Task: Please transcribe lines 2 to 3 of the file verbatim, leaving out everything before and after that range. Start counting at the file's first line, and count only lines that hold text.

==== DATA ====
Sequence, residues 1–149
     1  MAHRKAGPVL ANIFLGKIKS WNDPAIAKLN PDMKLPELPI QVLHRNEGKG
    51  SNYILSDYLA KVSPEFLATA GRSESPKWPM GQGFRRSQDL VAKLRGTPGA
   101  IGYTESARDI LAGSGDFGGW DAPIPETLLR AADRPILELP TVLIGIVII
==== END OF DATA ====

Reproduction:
     1  MAHRKAGPVL ANIFLGKIKS WNDPAIAKLN PDMKLPELPI QVLHRNEGKG
    51  SNYILSDYLA KVSPEFLATA GRSESPKWPM GQGFRRSQDL VAKLRGTPGA